Established in 1729, Ruinart has the distinction of being the oldest Champagne house. Founded by wealthy cloth merchant Nicolas Ruinart who was inspired by his uncle the benedictine monk Dom Thierry Ruinart, a close friend and contemporary of Dom Perignon. Initially the champagne produced was given away to Nicolas's wealthy clients as a reward for purchasing his cloth and fabrics, however when the demand became so great, it was clear what direction the company was to take. In 1735 they abandoned the cloth trade, to concentrate on the burgeoning champagne trade.
If ever visiting Champagne the cellars of Ruinart are a must. They were the first house to utilise the ancient Roman chalk pits (crayeres) to mature and age their champagnes. With the oldest dating from the 3rd.century, the 24 roman pits extend for 8 kilometres and up to 34 metres deep, these white, cathedral-like tunnels offer the ideal conditions for fermenting and maturing Champagne. In 1931 they became the only cellars to be declared a national monument.
Surprisingly Ruinart is a Chardonnay dominant house. Chardonnay is the least planted of the three key varieties in Champagne and can often be one of the most difficult to source. Ruinart own just 10% of their vineyards but have long standing contracts to help meet their requirements. It can be a delicate and fragile variety, however it is the golden thread that runs through all of Ruinart's cuvées. Sourcing Chardonnay from the Montagne de Reims in particular from the villages of Sillery and Puisieulx, provide extra depth, dimension and roundness to the wines. While the Chardonnay sourced from the greatest sites of the Cote des Blancs add a mineral elegance and intensity. It is the judicious blending of these different areas that help to make the greatest expressions of Blanc de Blancs in both the non-vintage and prestige 'Dom Ruinart' cuvées. (Even the flagship 'Dom Ruinart Rose' consists of 85% grand cru Chardonnay with just a 15% addition of still Pinot Noir to provide colour.)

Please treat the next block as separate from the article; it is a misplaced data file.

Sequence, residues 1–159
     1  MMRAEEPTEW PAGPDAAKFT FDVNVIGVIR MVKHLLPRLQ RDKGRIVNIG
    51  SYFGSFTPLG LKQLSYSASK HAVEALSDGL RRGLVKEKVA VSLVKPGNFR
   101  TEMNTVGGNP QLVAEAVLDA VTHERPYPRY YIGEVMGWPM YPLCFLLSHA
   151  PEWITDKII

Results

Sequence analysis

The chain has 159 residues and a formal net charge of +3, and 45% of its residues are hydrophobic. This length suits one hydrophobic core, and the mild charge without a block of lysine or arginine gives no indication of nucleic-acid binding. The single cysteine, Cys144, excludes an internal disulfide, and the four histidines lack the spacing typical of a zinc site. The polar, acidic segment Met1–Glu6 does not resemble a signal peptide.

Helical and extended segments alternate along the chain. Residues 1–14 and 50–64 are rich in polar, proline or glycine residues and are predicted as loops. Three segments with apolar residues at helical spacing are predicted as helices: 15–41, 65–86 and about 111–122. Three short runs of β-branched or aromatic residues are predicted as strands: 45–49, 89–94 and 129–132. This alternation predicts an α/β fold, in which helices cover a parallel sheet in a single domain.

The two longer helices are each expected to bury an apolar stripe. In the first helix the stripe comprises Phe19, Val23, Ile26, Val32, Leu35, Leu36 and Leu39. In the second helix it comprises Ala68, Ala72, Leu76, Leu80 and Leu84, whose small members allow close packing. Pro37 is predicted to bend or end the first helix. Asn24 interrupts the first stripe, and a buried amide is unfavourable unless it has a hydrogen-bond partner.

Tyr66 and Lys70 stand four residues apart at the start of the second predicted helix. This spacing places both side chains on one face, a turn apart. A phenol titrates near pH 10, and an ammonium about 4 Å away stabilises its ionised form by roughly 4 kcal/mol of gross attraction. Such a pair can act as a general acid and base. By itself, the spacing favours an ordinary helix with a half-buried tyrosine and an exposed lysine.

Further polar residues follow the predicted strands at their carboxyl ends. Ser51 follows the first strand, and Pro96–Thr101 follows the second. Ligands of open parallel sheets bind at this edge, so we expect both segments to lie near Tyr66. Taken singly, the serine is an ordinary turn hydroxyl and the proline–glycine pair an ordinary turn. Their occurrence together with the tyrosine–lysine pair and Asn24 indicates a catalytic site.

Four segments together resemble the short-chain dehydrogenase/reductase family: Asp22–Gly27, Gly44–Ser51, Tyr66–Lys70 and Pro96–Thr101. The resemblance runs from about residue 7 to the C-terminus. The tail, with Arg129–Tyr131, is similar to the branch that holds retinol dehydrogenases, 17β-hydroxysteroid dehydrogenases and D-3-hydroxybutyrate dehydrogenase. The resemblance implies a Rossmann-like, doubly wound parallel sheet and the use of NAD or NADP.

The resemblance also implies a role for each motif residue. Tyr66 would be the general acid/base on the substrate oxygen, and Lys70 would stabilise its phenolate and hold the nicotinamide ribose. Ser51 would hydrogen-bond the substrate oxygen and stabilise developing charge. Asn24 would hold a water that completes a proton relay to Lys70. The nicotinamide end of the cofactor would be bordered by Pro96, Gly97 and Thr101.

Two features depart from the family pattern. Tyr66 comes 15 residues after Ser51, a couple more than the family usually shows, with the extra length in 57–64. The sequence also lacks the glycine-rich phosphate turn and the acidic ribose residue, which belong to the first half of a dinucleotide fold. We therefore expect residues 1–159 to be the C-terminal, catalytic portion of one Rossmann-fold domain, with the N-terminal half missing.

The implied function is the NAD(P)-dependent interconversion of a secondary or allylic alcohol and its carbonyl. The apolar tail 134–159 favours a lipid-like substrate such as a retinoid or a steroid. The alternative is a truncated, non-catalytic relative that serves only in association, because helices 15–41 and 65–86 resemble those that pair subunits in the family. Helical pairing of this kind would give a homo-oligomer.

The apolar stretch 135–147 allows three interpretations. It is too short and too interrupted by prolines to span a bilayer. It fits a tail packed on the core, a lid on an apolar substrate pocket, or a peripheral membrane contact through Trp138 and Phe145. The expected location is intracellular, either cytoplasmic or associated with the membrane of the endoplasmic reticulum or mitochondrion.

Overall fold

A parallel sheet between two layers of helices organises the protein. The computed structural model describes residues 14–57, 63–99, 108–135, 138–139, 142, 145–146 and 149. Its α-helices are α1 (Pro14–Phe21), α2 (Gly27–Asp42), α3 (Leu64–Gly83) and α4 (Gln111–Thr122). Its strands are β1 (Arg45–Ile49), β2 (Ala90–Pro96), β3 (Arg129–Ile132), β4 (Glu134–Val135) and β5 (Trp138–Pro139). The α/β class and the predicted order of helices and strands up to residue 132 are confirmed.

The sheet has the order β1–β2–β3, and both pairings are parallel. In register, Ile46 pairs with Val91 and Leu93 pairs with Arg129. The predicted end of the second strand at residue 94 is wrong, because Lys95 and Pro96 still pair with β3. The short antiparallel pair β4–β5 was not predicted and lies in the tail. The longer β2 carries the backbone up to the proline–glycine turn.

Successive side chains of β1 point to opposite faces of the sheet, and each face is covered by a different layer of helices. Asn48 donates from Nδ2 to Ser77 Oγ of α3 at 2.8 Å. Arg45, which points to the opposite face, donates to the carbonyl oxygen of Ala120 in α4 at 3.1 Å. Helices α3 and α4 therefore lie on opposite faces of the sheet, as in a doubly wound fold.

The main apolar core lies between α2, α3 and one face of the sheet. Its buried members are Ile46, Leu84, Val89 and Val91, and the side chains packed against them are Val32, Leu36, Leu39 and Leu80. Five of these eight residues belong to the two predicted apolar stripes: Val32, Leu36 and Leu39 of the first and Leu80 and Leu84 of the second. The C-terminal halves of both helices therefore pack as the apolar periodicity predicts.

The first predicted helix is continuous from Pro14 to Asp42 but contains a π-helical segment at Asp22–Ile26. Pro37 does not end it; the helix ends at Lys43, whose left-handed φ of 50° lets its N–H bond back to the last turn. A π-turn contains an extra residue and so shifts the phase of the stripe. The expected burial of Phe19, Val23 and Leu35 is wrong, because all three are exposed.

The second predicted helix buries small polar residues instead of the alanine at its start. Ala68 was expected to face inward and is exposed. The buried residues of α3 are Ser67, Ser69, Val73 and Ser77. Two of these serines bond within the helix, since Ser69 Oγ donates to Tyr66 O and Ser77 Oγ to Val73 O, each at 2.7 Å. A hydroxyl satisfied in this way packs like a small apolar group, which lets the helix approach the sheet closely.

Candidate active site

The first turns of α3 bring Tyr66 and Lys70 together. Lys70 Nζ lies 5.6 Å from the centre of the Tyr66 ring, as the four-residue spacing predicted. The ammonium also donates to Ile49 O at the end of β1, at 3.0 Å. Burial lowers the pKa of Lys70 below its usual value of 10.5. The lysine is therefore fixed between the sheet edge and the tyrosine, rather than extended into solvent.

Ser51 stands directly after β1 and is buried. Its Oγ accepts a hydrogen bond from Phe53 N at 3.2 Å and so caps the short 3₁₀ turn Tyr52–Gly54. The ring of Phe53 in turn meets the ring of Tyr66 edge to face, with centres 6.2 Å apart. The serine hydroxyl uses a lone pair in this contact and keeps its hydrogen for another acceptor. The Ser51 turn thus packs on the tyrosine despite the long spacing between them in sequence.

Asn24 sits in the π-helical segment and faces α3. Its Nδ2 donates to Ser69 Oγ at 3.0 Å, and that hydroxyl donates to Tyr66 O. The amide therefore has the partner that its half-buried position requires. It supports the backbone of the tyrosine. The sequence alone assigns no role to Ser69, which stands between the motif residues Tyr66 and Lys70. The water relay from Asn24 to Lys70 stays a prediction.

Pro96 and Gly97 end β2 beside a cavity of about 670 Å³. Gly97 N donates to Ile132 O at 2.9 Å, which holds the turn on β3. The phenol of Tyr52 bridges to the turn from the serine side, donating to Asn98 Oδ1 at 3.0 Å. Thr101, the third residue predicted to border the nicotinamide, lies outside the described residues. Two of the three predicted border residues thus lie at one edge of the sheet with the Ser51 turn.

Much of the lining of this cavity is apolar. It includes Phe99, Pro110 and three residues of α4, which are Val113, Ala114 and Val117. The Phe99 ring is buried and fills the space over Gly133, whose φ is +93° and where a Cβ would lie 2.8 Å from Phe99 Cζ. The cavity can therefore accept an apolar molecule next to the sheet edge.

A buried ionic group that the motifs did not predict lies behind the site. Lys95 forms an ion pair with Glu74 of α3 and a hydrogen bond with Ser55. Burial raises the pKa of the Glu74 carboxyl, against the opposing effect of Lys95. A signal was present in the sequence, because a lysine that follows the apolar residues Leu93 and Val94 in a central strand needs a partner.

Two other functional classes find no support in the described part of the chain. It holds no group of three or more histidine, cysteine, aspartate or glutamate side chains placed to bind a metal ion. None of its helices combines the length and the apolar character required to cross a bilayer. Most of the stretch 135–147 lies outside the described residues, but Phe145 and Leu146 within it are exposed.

The key to the house style or unique 'Ruinart Taste' is brightness, intensity and elegance. For this end to be achieved requires the most careful of handling, using the most delicate of presses, fermentation only in stainless steel and the protection by inert gases against oxygen. Chef de Cave, Frédéric Panaïotis described his methods as the antithesis of the Krug or Bollinger styles seeking instead 'fresh aromas, vivacity, purity and luminosity'. It is the essence that has made Ruinart one of the benchmarks for Chardonnay. However, to achieve aromatic richness and depth of flavour requires long ageing in the cellars which is why Ruinart's non-vintage blends will receive a minimum of 3 years, while the Dom Ruinart will be aged for 9-10 years.
All wines go through full malo-lactic fermentation with a high percentage of reserve wines used in the non-vintage blends. The level of dosage has been gradually reduced over the years as part of their ongoing commitment to producing the highest quality Champagnes possible.